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The Bidding Fever : Elvis Presley's pajamas may be an auction prize to die for, but if you don't know what you're doing, you might lose your shirt.

March 10, 1995|MARYANN HAMMERS | SPECIAL TO THE TIMES; Maryann Hammers is a regular contributor to The Times.

Auctions combine the thrill of the hunt with the danger of being swallowed by the prey. Since buyers set the price, the events can be a bargain hunter's paradise. "People can get stuff dirt-cheap," says Larry Wilson, owner of L & L Auction in Canoga Park. How cheap? A box of old books went for $1 at one of Wilson's weekly auctions; two antique chairs brought $4 each; the winning bid on an old manual typewriter was $5; a stack of National Enquirers from the '70s was $10.

But those who get caught up in the competitive spirit or carried away in the rush of excitement may find themselves paying massive amounts of money--such as the person who paid more than $900,000 for a bedroom set at J.C. Ames Auctioneers in North Hills. "It was a French antique, bronze on wood," explains auctioneer Jeffrey Ames.

OK, so it was a really nice bedroom set.

While antiques, collectibles, artwork and jewelry are among the most commonly auctioned items, virtually anything of value has been sold through the bidding process, including skyscrapers, airwave time and assets of failed savings and loans. Elvis Presley's pajama bottoms went for $2,250 in a Las Vegas auction; Barbra Streisand's toaster fetched $90 in a benefit for the Santa Monica Mountains Conservancy; and a date with KTTV news anchorman John Beard recently brought $2,100 at a Big Brothers dinner.

"Maybe the strangest thing I've ever auctioned off was a vasectomy," says Ron Fausset, a Thousand Oaks auctioneer. A physician donated the operation as part of a school fund-raiser.

It's easy to get swept into the rapid-fire pace of an auction and spend more than you planned. "Auctions get emotional," auctioneer Robert Ingraham warned a packed house at a recent antiques and art auction at the Radisson Hotel in Agoura. "All of a sudden you look up and see your hand in the air, bidding away--and you don't know how it got up there."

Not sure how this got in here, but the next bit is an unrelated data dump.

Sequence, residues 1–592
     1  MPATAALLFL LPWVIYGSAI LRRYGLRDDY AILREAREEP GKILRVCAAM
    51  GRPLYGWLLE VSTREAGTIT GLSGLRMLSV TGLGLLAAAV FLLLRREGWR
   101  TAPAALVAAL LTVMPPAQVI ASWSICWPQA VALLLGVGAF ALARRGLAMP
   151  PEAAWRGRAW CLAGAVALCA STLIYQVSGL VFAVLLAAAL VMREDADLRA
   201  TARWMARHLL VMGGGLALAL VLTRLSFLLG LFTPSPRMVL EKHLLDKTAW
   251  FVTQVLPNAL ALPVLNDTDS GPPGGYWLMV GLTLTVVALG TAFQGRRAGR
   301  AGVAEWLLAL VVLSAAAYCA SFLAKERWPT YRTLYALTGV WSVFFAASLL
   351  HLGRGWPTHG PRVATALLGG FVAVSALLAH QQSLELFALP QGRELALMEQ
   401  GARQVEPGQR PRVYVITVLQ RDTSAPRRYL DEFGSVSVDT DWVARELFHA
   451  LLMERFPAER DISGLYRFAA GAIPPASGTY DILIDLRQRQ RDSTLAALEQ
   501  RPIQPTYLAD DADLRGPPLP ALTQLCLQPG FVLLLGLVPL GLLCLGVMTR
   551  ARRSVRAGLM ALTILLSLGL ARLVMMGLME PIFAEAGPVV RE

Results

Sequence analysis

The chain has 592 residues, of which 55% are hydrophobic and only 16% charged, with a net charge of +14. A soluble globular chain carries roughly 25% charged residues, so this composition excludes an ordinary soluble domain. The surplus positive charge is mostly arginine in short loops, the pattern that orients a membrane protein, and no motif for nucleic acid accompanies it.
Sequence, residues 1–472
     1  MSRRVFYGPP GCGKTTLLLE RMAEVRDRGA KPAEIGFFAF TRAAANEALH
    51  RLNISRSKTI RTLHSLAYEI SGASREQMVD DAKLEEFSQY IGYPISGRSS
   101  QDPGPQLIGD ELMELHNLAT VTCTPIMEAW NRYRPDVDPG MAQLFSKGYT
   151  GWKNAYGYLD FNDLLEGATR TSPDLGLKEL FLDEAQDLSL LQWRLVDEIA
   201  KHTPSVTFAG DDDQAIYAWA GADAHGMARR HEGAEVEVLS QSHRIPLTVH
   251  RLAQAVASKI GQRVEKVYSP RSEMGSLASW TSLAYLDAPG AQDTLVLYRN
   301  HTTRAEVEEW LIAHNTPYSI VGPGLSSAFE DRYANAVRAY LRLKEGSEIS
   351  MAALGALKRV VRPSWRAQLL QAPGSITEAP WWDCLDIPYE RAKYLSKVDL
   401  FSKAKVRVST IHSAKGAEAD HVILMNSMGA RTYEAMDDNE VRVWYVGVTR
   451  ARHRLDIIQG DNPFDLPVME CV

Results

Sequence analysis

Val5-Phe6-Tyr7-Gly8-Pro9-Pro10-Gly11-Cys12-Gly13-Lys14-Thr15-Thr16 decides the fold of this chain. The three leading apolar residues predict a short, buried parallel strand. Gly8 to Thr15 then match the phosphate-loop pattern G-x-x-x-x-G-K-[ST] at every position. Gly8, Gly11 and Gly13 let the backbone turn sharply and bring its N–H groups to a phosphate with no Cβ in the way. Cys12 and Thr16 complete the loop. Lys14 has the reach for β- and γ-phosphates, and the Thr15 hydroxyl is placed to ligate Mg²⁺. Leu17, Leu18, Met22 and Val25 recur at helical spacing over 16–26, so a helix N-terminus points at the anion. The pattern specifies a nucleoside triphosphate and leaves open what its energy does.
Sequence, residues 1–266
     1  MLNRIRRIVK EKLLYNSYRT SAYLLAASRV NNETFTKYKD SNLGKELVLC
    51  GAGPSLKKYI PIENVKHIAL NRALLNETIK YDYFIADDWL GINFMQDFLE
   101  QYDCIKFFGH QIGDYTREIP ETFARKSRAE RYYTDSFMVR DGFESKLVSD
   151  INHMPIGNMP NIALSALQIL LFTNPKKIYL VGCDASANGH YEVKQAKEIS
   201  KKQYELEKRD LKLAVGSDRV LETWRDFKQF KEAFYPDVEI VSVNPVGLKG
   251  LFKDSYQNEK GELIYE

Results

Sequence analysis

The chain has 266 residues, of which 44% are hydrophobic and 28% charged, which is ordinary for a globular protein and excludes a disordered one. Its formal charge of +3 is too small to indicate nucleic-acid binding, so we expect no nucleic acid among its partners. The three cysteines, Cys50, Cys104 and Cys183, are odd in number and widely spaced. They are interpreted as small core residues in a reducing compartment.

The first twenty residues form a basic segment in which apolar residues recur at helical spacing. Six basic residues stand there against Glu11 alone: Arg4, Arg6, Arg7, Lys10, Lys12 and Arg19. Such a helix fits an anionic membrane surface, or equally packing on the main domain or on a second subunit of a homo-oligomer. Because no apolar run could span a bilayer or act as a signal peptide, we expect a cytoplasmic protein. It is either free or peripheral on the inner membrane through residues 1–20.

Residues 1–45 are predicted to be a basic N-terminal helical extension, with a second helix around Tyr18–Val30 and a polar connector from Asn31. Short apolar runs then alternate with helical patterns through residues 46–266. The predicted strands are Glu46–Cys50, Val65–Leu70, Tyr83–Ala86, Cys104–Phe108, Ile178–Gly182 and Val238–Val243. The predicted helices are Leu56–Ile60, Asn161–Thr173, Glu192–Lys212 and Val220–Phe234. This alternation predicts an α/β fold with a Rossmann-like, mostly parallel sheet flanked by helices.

Julie Brown, for one, is an addict.

"I'm hooked," the Simi Valley resident admits. "I can't stop going to auctions."

Brown lowers her voice conspiratorially. "You can get some really good deals here. I got an antique footstool for $5." She leans back in her chair, waiting for the bidding to begin at L & L Auction.

"But you have to be careful," warns Brown's friend Dick Knell of Chatsworth. He shakes his head sadly. "I paid $400 for an organ. It's all ornate with candleholders and a big mirror, something you'd expect Bela Lugosi to play. My wife is still trying to get rid of it." He sighs. "Another time my wife and I got carried away, and we started bidding against each other! She was bidding away with her right hand, and I was bidding with my left. We didn't notice each other."

Ingraham is a master at generating that kind of excitement. Like an evangelist at a revival meeting, the boyishly handsome, swift-talking auctioneer whips the audience into a frenzy. "Everyone say, 'HEY!' " he cries, his face red and streaked with sweat. "Now wave your bidding cards!" When the crowd is sufficiently churned up, the bidding begins.

Holding up a small bronze statuette, Ingraham sings: "Here we go! Who'll put 10 on this little piece, who'll put 20, 20, 20, got 20 . . . now 50, 50, 50, of course . . . 90, 90, you betcha, want 100, 100 . . ." The piece sold in a matter of seconds for $120.

An auctioneer's impossibly fast and hypnotically rhythmic patter can lull people into impulse bidding, buying--and sometimes regretting. It's easy to end up with something you don't need, can't use and don't want. Consider the hapless fellow who paid $2,300 in August for the sight-unseen contents of a few abandoned trunks in a Northridge storage room. Imagine his dismay when he discovered that the trunks contained three decomposing human bodies.

"Auctions work on your mind," auctioneer Wilson admits. "People get a kick out of the auctioneer's singsong chant, and they start thinking that something is worth more than it is." Even auction pros are not immune. Auctioneer Fausset, for example, once paid $30,000 for a collection of old windup phonographs. He expected to resell them at a huge profit, but instead ended up losing $10,000.

Auction-goers also must be on their guard for cons.

*

Some unethical auctioneers, for example, boost prices by "bidding the air" or "ghost bidding." That is, they pretend that someone in the crowd is competing for an item--when no one is. Items also may be less valuable than the auctioneer claims, or merchandise described as "antiques" or "authentic" may really be cheap reproductions.

Experts suggest that buyers can reduce their chance of getting scammed by sticking with established auction houses, rather than those that move from location to location with no home base.

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